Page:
How to handle PIDs

The Public Interest Disclosures Act 1994 (PID Act 1994) provides for certain protections for public officials who report certain types of wrongdoing in their workplace – or another public authority. The PID Act is part of a framework of integrity legislation to help strengthen the public sector.

People who report wrongdoing are giving agencies an opportunity to investigate a possible problem and take appropriate steps to deal with it. Having robust systems in place to deal with allegations of wrongdoing can help strengthen the integrity of the public sector and public confidence in it.

All public sector agencies must have systems to deal with allegations of wrongdoing. Your internal reporting policy – sometimes called PID policy – should explain how to assess whether allegations of wrongdoing are PIDs, and the processes for handling them. For more information, see PID responsibilities for public authorities.

Who can make a PID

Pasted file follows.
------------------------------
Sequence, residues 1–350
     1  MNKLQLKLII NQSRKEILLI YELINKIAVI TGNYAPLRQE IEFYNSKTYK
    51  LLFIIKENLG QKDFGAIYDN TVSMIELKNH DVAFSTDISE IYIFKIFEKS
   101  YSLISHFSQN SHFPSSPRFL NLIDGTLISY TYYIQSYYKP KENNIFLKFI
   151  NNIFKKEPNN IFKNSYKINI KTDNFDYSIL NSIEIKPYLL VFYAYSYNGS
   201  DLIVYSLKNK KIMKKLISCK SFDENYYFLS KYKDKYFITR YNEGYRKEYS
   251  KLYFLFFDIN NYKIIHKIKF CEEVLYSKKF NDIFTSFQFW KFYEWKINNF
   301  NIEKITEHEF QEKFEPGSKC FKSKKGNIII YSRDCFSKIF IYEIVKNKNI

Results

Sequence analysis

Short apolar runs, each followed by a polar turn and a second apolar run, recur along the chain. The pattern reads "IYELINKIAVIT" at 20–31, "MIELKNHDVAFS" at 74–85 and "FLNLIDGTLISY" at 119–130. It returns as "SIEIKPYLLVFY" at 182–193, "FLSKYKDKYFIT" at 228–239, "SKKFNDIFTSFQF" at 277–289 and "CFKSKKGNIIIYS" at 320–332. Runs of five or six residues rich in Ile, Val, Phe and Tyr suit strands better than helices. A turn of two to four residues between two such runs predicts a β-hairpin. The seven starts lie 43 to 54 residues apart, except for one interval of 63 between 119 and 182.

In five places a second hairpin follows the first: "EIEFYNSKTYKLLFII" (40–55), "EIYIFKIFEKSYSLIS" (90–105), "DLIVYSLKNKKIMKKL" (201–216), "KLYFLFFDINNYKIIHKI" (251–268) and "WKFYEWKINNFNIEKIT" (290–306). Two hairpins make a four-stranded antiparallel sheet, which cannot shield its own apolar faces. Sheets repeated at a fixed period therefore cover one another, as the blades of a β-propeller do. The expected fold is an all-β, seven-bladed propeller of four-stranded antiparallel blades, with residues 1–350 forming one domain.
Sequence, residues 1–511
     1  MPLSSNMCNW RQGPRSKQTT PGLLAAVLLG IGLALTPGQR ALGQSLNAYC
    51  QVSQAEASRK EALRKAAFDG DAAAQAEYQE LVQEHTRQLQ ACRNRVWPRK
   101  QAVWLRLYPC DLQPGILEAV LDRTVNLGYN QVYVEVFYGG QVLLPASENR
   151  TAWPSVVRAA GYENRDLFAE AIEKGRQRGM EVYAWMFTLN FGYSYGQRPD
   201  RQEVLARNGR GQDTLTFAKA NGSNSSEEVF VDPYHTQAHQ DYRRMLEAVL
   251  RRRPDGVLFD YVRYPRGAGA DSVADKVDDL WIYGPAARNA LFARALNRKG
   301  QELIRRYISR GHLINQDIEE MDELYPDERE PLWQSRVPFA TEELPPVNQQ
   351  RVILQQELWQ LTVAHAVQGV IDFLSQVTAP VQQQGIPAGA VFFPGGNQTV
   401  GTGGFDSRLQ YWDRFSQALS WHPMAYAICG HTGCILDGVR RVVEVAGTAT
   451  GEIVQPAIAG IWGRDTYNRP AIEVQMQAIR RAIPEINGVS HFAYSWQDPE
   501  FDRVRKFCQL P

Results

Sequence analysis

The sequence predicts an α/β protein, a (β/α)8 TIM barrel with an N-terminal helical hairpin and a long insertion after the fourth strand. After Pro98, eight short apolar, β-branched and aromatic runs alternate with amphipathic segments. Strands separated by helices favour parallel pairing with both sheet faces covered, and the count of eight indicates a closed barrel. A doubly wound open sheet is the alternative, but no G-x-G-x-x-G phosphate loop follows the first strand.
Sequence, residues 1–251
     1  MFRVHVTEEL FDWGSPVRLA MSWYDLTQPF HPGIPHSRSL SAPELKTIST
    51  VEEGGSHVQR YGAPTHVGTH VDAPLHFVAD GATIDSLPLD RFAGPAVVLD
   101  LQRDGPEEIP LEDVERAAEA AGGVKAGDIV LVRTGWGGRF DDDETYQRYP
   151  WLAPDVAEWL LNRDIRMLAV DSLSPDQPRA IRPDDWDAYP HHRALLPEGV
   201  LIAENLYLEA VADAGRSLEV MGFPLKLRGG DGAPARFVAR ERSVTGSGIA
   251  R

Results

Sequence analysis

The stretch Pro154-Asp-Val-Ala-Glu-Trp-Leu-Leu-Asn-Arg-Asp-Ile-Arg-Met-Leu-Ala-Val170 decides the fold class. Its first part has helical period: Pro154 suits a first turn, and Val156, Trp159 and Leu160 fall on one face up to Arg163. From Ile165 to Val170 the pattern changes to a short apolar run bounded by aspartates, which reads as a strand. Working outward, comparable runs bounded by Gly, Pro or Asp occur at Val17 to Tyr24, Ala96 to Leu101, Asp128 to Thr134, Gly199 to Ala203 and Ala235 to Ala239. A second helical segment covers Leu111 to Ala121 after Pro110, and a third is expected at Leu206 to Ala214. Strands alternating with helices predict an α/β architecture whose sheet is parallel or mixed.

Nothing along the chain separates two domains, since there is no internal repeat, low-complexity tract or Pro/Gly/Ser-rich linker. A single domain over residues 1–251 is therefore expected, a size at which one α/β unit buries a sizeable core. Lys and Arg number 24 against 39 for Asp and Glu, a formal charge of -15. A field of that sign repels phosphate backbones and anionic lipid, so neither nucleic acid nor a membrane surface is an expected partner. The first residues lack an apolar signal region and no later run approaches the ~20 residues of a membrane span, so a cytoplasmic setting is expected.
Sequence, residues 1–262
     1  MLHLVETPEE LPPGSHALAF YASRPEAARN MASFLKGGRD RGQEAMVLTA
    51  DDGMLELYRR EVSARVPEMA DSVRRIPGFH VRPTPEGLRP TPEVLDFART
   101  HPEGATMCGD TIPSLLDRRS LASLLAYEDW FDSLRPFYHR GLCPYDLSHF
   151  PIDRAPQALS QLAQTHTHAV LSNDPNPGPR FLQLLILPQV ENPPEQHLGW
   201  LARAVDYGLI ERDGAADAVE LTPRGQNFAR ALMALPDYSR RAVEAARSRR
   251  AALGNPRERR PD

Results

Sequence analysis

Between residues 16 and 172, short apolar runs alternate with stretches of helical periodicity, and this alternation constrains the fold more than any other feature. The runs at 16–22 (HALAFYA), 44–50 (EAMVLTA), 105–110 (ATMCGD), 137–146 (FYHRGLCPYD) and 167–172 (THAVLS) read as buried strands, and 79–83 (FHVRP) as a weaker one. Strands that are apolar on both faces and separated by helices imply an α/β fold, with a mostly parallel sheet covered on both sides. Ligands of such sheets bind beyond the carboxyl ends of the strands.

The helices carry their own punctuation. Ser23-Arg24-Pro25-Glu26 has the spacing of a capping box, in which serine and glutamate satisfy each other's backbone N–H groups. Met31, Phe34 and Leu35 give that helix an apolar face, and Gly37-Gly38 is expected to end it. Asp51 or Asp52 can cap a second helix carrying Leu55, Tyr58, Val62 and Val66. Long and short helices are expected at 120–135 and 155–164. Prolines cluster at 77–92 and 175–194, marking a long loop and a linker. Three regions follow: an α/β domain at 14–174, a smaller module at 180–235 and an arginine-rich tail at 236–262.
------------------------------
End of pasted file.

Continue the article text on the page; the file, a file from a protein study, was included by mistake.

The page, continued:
A PID can only be made by a current NSW public official. They can make a PID about another public official or any public authority – not just the public authority they work for.

Read more about who can make a PID.

Who can receive a PID

For a person to be protected by the PID Act, they need to make their PID to the right person.

Read more about who can receive a PID.

Assessing whether a report is a PID

Criteria to help you assess if a report of wrongdoing is a PID under the PID Act.

Read more about how to assess if a report is a PID.

Managing a PID

How to manage PIDs in accordance with legal requirements, particularly the PID Act.

Read more about managing a PID.

Protections when making a PID

The PID Act provides public officials with certain legal protections when they make a PID.

Read more about how people are protected when making a PID.